Indeed our Canadian Charter explicitly grants us conscientious and religious rights that would apply to refusing vaccines. In fact, in the three provinces that have mandatory reporting (Ontario, NB, and now recently BC) parents can submit affidavits exempting their kids on those grounds. I understand the US constitution also grants its citizens the right to refuse vaccines, but the Jacobson ruling setting a precedent, effectively overriding those rights and allowing the government to fine people or bar unvaxxed kids from school.

Still, is it a case that vaccine mandates would still face a steeper constitutional challenge in Canada? Is it due to the fact that the right to an education is enshrined federally and making it so much of a bigger hurdle for the Government to argue that school mandates should be imposed since they’re in the pressing interest of the state? Or does vaccination mandates face a steeper constitutional challenge simply because we have no Jacobson, and no precedents for the courts to side with mandates. All the issues would then have to be debated, and especially the science supporting the claim that vaccines are ‘safe and effective’.

Indeed when considering all the recent US rulings upholding school mandates, I am struck how little science is taken up in them. It’s always a case of falling back on Jacobson. In Canada, however, it would appear the Government would need to put all its cards on the table and argue the science. Is this the reason then for a lesser push? They are well aware that the emperor truly has no clothes and fear being mercilessly exposed in court?

Interestingly, with a recent Ontario custody battle surrounding vaccination an arbitrator dealt with a case with a father wanting to vaccinate their child and a mother refusing. Toni Bark even testified in the case as an expert witness, testifying that vaccines were indeed risky and dangerous. The arbitrator went on to rule in favour of the mother, and agreeing that vaccines were indeed risky. Is this an harbinger of things to come should vaccine science be tested in court?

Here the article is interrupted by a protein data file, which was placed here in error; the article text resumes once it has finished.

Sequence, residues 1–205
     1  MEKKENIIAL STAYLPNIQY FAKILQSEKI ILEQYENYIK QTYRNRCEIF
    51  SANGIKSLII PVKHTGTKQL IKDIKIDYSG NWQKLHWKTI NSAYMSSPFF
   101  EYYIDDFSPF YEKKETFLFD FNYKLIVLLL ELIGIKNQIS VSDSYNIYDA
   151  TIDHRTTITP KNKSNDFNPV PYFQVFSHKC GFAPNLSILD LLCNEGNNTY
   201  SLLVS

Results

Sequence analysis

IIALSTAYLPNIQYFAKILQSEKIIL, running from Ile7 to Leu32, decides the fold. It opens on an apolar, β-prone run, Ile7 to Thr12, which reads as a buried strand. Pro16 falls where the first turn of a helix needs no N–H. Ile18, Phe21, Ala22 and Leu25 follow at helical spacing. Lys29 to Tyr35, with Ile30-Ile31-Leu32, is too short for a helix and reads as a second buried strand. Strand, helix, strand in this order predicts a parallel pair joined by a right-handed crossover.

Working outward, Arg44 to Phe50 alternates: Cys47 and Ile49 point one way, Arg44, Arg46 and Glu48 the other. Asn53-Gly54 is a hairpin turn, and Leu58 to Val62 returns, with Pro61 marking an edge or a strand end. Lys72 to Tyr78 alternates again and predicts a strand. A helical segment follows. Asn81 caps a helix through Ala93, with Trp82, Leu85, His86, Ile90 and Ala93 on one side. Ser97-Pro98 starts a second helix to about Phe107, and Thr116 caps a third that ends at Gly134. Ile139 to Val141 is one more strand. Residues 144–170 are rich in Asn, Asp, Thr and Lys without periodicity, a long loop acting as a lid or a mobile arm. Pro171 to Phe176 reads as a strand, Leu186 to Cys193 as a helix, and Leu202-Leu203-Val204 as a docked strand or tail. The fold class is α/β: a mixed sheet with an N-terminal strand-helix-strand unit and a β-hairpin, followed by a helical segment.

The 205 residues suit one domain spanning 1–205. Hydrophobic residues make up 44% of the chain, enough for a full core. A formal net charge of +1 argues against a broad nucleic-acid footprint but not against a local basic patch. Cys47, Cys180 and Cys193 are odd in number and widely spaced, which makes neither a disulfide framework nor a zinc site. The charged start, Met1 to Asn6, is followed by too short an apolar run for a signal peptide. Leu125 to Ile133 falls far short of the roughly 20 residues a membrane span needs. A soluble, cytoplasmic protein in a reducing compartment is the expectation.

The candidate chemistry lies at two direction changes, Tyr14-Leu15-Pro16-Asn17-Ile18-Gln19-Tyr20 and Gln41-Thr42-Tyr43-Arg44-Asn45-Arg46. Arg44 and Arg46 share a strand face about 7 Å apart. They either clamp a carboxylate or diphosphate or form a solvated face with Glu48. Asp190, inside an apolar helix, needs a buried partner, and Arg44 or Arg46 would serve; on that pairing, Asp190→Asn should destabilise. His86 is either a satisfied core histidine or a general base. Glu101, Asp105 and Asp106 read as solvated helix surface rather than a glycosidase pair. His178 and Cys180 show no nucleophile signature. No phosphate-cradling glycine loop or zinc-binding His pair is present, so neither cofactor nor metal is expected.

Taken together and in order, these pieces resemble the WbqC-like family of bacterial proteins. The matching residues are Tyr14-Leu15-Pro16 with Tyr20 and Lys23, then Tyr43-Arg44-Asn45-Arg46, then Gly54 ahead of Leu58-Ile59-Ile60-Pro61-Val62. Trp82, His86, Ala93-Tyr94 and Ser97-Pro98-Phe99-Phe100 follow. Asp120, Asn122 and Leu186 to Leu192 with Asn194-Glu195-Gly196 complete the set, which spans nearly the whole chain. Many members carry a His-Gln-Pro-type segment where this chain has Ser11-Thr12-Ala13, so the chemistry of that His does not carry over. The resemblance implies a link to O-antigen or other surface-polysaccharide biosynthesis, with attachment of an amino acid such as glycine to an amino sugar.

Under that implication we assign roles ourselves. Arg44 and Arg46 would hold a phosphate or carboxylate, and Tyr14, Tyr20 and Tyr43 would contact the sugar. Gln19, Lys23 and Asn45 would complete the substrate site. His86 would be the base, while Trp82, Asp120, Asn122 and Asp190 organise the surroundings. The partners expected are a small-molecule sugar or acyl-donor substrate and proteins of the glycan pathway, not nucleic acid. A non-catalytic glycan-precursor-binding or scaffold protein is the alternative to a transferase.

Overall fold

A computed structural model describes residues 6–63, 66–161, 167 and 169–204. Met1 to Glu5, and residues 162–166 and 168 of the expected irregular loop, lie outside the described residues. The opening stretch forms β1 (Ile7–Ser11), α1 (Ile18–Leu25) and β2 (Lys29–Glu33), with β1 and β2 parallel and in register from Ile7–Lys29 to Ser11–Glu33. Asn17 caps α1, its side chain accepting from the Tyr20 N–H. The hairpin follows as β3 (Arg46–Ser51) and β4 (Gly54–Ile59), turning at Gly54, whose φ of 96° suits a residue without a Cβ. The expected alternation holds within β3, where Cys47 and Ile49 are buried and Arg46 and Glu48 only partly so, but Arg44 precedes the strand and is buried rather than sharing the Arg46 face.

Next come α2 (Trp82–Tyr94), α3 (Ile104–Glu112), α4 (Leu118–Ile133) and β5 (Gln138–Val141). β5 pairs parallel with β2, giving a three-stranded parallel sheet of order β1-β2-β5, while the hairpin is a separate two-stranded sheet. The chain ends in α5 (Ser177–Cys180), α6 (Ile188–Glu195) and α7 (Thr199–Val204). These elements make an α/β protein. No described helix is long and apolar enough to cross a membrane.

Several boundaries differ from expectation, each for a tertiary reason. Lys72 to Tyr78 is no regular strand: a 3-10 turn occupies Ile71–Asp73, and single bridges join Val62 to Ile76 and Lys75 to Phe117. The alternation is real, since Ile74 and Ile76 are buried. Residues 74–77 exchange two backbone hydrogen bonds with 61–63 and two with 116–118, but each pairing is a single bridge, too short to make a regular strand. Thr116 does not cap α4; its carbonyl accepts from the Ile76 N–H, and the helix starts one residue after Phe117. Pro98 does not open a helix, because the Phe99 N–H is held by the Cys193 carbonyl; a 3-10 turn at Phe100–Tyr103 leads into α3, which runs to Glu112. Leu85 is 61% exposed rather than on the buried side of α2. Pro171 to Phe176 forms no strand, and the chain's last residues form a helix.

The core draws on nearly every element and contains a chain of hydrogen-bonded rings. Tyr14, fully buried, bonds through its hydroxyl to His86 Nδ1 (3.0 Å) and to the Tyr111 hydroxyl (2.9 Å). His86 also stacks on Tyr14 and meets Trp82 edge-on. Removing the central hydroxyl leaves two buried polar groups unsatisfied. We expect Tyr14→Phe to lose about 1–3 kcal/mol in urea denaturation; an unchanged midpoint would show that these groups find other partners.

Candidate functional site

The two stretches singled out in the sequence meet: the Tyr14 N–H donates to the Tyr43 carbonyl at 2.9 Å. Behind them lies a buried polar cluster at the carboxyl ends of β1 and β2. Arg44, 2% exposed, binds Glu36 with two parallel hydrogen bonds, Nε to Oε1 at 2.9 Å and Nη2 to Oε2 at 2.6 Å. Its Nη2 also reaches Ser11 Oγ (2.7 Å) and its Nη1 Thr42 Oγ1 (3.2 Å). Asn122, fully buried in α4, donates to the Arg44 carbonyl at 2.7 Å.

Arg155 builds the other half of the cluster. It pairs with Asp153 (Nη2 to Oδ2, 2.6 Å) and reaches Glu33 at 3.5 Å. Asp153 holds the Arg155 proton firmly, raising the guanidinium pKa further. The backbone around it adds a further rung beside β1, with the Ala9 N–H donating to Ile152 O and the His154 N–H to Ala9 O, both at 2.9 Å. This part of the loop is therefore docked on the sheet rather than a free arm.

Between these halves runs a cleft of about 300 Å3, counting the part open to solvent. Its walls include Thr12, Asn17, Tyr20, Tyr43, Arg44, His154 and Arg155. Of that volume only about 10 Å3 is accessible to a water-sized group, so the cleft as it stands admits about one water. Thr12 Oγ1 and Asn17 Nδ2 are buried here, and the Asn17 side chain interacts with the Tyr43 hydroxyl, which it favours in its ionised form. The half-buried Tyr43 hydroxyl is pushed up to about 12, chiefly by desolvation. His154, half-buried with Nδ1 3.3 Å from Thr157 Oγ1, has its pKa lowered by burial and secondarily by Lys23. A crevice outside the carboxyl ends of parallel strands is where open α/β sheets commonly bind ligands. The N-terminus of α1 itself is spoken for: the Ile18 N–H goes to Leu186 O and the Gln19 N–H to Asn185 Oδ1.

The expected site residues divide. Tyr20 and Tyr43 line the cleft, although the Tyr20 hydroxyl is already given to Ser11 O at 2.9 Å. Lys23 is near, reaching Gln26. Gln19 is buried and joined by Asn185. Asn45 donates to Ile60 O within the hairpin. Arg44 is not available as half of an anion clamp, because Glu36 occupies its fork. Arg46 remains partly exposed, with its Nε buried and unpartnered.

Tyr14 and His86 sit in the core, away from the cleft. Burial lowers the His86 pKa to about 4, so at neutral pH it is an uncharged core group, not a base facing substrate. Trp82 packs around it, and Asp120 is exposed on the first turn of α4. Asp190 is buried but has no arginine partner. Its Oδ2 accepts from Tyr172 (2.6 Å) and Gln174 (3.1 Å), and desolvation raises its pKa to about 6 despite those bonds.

For what it’s worth though, some here in Ontario

Didn’t you claim to be in New Brunswick in the past day or two? I mean, you denied being Canadian in the first place.

<

blockquote>

Didn’t you claim to be in New Brunswick in the past day or two? I mean, you denied being Canadian in the first place.

<

blockquote>

Why you always so concerned about where I live? You wanna meet up for some beers or something? Isn’t that a breach of your contract, anyway? Doesn’t Management forbids socializing with anti-vaxxers?

I understand the US constitution also grants its citizens the right to refuse vaccines, but the Jacobson ruling setting a precedent, effectively overriding those rights and allowing the government to fine people or bar unvaxxed kids from school.

You understand so little poor Greg.

If anti-vaxxers are such a powerful voting bloc, why oh why:
— couldn’t they defeat Dr Pan at the polls?

Reflect on this Denice: In the 2018 Senate Midterms, Sen Pan ran against Eric Frame and Independent. Eric ran on a ballot in which he declared that he was strongly opposed to vaccine mandates. Eric lost to Pan 30/70. Denice, that’s 30% of Californians who voted for a candidate that was against mandates and was vying to defeat Pan. That’s potentially 30% of Californian being ‘antivaxxers’. Yikes! Really, how insignificant of a voting bloc is that?